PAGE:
Jefferson is now my boss and still my good friend.

I rode my bicycle past the gorgeous Annie, who I met five years ago, sitting behind me, in a dingy room in the Mission, weeping my eyes out over my friend laying in state.  She went to Burning Man, grew up, went back to school graduated, moved in with her boyfriend and only gets more lovely with time.

It really felt like that, he was lying in state.  He was with us for a week before they harvested him and spread his joy over the world.

David Allen.

John Ater.

ACK.

Shadrach introduced me to John Ater one dark and wonderous night at the corner of Castro and Market.

John Ater for whom I cannot ever express my love and gratitude enough for.  This gentle bear of a man who held me and let me sob on his shoulder, who took my abuse, and wiped away my tears, sometimes with a roll of paper towels.  Sometimes with the sleeve of his shirt.

John who taught me how the fuck to grow up and own my dreams.

John who gave me something I get to pass onto others–the gift of being loved and lovable and worthy of love.

Shadrach you gift giver you.

I sat for an hour.

Tears drifted down my face like the soft heart of sea salt fog and now the fog is not a death, but a balm, a separating and a love, a soothing embrace.

I recall a ride I took recently, we rushed over the hills up into Noe Valley and the fog, dense, wet, heavy, drifted in drowsy with sea salt and the pull of the moon high hiding behind the masses of clouds and vapor.

I was overwhelmed by the near invisibility and the fast rush of the cycle as it climbed the hills.  My heart in my mouth, I just closed my eyes and held on.  I was carried where I was supposed to go.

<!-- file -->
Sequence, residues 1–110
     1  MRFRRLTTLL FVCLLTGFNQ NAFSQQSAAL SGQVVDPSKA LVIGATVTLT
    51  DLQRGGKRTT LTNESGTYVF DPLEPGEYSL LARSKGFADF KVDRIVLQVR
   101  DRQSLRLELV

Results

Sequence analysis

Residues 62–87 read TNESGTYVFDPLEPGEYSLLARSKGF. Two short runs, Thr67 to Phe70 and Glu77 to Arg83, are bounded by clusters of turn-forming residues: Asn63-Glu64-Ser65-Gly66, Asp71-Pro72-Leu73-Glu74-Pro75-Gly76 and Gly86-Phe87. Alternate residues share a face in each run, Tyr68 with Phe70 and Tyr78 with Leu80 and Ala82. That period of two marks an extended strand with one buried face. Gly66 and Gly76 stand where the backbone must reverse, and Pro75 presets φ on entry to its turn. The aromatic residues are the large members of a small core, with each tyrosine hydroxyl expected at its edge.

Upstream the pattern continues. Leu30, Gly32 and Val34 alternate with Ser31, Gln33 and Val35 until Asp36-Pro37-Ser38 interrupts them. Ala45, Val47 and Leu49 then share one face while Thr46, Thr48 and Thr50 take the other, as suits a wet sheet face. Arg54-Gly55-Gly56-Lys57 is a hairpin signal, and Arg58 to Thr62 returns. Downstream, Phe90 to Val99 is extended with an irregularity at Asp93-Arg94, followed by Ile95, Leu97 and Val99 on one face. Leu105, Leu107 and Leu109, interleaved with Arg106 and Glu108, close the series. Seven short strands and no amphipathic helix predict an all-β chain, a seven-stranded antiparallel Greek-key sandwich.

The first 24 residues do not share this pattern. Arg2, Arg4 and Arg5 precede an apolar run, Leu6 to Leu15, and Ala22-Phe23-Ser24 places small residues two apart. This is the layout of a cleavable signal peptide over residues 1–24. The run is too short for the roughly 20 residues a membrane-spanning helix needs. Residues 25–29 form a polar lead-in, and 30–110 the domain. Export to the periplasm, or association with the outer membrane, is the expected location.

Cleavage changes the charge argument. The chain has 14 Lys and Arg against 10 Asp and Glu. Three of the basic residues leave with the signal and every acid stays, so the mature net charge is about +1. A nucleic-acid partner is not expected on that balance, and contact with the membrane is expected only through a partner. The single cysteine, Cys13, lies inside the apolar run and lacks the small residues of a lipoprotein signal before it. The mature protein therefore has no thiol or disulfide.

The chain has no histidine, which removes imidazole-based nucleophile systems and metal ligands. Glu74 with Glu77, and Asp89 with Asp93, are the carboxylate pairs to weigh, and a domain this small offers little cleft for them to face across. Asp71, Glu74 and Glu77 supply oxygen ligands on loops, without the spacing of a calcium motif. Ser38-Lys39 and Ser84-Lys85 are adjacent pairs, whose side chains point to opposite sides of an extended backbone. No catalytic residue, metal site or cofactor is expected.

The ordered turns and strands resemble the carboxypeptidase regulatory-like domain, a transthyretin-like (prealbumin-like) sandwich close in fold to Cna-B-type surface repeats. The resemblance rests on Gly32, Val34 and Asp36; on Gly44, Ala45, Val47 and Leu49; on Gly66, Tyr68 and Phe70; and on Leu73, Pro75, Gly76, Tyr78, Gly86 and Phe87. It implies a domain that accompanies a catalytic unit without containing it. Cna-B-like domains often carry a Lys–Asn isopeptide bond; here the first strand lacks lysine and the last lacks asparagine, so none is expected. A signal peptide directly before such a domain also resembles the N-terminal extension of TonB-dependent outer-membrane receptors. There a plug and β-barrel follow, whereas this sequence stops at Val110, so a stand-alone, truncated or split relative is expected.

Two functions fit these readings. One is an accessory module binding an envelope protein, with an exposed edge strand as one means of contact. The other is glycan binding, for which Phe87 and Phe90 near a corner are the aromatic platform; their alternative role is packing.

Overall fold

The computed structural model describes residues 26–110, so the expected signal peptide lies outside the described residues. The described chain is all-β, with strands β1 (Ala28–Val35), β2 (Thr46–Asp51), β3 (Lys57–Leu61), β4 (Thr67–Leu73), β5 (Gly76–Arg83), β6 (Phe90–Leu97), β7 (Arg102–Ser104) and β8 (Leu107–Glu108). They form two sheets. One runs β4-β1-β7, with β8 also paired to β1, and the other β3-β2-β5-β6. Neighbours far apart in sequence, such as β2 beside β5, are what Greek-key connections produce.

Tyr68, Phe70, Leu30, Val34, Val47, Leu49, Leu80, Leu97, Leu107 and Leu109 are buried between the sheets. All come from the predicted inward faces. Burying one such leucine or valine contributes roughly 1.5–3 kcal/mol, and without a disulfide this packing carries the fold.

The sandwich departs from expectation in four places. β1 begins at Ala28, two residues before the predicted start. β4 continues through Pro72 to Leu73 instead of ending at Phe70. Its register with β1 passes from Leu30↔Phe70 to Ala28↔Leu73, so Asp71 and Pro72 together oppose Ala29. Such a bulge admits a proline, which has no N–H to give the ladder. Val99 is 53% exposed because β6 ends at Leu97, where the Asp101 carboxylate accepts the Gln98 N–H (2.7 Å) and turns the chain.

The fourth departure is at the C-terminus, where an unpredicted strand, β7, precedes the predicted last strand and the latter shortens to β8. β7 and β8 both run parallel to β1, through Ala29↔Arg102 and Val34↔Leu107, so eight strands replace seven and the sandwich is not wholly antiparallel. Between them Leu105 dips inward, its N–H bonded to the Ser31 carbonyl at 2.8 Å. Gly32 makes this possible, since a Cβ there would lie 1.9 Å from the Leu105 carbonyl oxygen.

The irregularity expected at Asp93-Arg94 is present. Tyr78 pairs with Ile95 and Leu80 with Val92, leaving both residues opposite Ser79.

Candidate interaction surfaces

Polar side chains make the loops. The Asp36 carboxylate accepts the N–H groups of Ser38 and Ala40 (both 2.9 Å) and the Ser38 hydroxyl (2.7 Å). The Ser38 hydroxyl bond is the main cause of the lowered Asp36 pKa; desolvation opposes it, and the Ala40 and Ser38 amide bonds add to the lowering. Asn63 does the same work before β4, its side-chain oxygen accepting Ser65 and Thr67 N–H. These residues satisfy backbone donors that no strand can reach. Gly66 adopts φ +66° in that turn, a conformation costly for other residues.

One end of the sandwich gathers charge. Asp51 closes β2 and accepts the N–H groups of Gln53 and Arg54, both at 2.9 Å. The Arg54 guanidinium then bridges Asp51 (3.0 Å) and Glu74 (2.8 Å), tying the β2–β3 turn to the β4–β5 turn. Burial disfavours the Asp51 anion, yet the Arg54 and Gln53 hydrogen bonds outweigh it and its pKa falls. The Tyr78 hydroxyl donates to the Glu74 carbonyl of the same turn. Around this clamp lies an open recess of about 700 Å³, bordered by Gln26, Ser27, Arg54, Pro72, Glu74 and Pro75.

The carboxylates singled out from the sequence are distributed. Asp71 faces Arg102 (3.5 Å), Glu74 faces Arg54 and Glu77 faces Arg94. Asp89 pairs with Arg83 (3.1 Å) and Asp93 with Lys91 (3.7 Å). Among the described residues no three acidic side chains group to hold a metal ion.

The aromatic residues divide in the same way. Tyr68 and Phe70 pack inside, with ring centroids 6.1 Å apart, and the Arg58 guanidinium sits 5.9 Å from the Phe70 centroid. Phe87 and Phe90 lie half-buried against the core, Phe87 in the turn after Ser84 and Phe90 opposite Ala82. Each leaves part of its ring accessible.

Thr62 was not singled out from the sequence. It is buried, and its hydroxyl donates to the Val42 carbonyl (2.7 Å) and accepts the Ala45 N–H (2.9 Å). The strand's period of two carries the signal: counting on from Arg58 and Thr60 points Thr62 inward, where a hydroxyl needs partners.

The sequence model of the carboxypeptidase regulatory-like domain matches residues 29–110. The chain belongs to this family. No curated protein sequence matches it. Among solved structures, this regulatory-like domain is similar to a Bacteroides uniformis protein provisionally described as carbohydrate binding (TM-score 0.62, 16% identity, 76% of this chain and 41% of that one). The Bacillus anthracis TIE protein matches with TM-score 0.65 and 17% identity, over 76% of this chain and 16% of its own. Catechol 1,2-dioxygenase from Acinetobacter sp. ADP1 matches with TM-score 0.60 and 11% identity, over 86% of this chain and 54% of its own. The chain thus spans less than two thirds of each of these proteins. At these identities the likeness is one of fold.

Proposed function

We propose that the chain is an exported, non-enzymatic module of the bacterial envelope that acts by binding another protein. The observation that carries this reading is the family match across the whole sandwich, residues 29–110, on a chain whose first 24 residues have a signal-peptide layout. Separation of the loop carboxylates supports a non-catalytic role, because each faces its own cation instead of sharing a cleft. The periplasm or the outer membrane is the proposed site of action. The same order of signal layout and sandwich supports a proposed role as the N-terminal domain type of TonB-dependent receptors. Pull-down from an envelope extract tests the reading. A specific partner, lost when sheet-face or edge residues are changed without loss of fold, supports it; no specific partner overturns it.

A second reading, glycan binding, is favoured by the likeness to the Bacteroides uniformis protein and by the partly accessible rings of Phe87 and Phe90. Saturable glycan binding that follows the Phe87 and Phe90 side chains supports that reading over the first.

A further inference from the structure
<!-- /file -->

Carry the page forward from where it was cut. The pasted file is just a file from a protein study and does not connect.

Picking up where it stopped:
Church and Market.

And Elizabeth said to me, “Go write down those things that are easy for you to see the go(o)d in.”

My cat Uni purring

Fresh flowers in a mason jar

The smell of verbena

Clean sheets

My rocking chair (same chair I sat in tonight)

The smell of wood burning

Dancing

A really hot shower

Coffee

Hummingbirds when they are perched

Salt

The drive to Sky High Orchard through Devil’s Lake State Park.

The fog rolling over Twin Peaks minutes after sunset

Ice cubes

Cold water when I am thirsty

The way grass feels on my bare feet

The giraffe that winked at me at the Decompression party

The way Madeleine’s arms felt when she was five, heavy, sweet, wet from the pool, the whisper of her voice as she kissed my ear and said, “I love you.”

The sunset from the rock of Gibraltar when I was five

The low-lying mist burning off over the cornfields in the morning

Sitting by myself in the dark looking at the lights on the Christmas tree and that feeling that always comes over me

Finding shells on the black sand beach when I was four

Reading Watership Down for the first time

Arthur as a boy in T.H. White’s the Once and Future King

Lizz’s hugs

Singing to Storm when she was a baby

Talking with Alex on the phone

Not recognizing myself in the mirror.

Having dreams and knowing that as long as I stay sober I will be graced with love.

Shadrach kissing my forehead at Room to Grow and making me laugh

Last line of the first list, 10/21/05

Shannon I love you.  Shadrach I love you for all the amazing people who are in my life because of you–Wendy, Fred, Paine, David Allen, John Ater, Bradley Merle Smith, Tom Jarman, Matthew, Jayne, Jefferson, Claudia, Barnaby (thank you, I still get amazing compliments on my memorial tattoo), Grecia, Scott Hirsch, Robert Cameron, Mark Henry, Tricia, Jackie, Calvin, Kevin, Zefrey, Megan Miller, my God the list is so long and I can’t remember it all.

I just feel you all.  I feel you in the whisper of fog and the kiss of moisture on my forehead and I open my heart and thank God from the bottom of it for getting to know him better.

I have an arch way, a solid rising ring of love to walk beneath.  My mortar is set, my heart beating fresh alive, outside my rib cage burning with the divine and the salt of pain and loss which invigorates me and fills me up, renders me whole, despite feeling split asunder.

Thanking God from the bottom of my heart that I get to know him better.

Thank you.

Thank you.

Thank you.